Hi-Res Booklet Distinctions 5 Sterne Fono Forum Klassik - 5 étoiles de Classica
The six Sonatas for Violin and Obbligato Harpsichord BWV 1014-1019 (“obbligato” – compulsory – means the keyboard is fully scored, as opposed to basso continuo for which only the bass is scored, the rest being left to the discretion of the performer, who improvises) are some of these works that Bach kept revisiting and reworking. The oldest remaining source – from around 1725, through one of his nephews – already highlights the will to make these compositions evolve by refining them with successive adjustments. The work underwent another overhaul in Agricola’s manuscript, around 1741, while a copy made around 1750 by Altnickol reveals a third cycle status. An observation made by the musician’s second youngest son, Johann Christoph Friedrich Bach – “He wrote these trios just before his end” – seems to have been interpreted as proof that Bach was still working on these sonatas in the last years of his life. This new recording by Isabelle Faust, a great specialist of baroque interpretation, and Christian Bezuidenhout on the harpsichord, discretely reveals the extraordinary richness of these works’ three-voice writing, that resembles the format of a trio sonata. © SM/Qobuz
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Violin Concertos - Released February 28, 2020 | harmonia mundi

Hi-Res Booklet Distinctions Diapason d'or / Arte - 5 étoiles de Classica
Almost forty years separate Verklärte Nacht from the Violin Concerto – the former still influenced by the idiom of Brahms and Wagner, the latter deriving from the richness of that later period when Schoenberg managed to combine a multiplicity of approaches within his twelve-note system. Between post-Romantic twilight and ‘classical’ rigour, Isabelle Faust and her most faithful partners offer us an extraordinarily lively interpretation of some of the most remarkable pages in twentieth-century musical literature. © harmonia mundi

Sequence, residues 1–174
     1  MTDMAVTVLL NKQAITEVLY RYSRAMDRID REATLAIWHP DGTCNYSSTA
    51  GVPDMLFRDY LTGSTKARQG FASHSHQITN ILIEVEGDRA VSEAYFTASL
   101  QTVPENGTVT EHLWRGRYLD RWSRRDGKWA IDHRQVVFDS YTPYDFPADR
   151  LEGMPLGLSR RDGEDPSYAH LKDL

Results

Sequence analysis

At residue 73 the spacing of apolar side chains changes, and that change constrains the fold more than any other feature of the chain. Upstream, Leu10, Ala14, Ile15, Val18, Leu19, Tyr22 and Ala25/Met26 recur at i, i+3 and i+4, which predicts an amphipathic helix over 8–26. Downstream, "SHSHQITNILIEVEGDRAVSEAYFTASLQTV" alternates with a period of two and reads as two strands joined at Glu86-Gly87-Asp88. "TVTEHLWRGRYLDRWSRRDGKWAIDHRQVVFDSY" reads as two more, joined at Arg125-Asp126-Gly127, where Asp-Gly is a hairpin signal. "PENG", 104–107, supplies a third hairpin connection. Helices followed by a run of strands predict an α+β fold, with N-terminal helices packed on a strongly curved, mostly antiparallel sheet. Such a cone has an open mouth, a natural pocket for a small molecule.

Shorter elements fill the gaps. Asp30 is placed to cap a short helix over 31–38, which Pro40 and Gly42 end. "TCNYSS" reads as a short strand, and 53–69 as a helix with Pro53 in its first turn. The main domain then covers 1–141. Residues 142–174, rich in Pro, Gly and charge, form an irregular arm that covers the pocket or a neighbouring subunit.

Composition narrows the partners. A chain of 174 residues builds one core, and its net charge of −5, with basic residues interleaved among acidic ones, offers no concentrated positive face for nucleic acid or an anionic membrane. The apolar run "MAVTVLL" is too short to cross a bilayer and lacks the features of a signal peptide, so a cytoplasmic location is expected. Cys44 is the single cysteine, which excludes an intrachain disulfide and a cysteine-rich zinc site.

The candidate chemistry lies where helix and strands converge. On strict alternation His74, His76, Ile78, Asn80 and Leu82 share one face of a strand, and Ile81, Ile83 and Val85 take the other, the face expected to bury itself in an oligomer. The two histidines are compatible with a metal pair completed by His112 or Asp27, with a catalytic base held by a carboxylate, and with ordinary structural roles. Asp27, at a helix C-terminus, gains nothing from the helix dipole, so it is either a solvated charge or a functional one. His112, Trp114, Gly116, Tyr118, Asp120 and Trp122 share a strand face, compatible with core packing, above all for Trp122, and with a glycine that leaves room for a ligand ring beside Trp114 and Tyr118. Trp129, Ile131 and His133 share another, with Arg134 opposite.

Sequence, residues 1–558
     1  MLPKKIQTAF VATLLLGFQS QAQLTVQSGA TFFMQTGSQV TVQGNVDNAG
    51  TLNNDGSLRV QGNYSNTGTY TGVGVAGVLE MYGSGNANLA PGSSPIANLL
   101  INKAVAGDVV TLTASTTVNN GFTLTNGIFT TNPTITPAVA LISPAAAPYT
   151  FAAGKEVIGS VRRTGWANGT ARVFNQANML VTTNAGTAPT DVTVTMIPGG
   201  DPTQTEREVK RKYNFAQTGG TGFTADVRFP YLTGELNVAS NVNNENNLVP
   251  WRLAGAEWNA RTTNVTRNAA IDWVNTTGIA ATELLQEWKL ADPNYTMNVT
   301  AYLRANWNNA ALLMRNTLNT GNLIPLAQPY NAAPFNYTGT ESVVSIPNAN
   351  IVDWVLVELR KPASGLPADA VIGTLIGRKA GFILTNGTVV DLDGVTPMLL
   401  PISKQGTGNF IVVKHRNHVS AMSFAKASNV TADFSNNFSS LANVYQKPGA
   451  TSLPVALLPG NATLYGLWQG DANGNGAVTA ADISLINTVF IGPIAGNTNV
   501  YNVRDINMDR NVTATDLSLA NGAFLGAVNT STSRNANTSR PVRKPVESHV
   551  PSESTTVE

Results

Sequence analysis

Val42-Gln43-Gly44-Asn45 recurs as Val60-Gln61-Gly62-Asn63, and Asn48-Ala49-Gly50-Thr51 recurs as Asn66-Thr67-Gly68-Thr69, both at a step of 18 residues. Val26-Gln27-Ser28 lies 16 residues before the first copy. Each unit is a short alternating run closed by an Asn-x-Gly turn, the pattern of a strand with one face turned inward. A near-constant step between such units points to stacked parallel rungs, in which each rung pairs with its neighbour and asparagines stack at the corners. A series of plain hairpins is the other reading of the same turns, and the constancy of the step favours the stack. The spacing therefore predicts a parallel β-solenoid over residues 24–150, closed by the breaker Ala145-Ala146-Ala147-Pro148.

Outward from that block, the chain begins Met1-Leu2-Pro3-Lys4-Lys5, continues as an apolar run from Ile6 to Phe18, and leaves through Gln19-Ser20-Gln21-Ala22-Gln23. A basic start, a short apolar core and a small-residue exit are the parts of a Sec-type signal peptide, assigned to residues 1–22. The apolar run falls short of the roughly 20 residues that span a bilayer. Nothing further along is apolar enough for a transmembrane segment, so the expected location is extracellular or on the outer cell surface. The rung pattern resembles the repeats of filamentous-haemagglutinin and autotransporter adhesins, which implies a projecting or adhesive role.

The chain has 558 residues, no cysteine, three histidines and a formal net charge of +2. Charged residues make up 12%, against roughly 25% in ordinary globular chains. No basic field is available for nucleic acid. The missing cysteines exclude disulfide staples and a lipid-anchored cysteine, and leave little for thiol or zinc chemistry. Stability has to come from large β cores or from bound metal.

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Duets - Released November 9, 2018 | harmonia mundi

Hi-Res Booklet Distinctions 5 de Diapason - Choc de Classica
At a time when Mozart was writing his first sonatas for violin and clavier, in 1778, it was the done thing to write piano sonatas with violin accompaniment in which the violin part is fairly unobtrusive. The purpose of this was not to put off the target audience for the scores: educated amateurs. But Mozart paid no heed to this convention and took off into a new world with real duets, in which the two instruments found themselves on an even footing. At the same time, he avoided the corrective exaggeration which would appear in some scores which resembled violin concertos with a little piano support. Here we have a perfect balance between the two players: Isabelle Faust on the violin and Alexander Melnikov at the clavier. The latter of the two plays on a copy of a Viennese fortepiano made in 1795 by Anton Walter. The sound balance is utterly perfect, which is a relief, as all too often these sonatas either favour the keyboard part when played on the piano or the violinist tries to force it. We have here two sonatas written in Paris shortly after the death of Mozart's mother (who accompanied him on the journey), and then another from 1787 written in the wake of Leopold Mozart's death. Despite this the composer seems to be putting on a brave face, flashing a smile tinged with a tender nostalgia on the Sonata in E Minor K. 304. © SM/Qobuz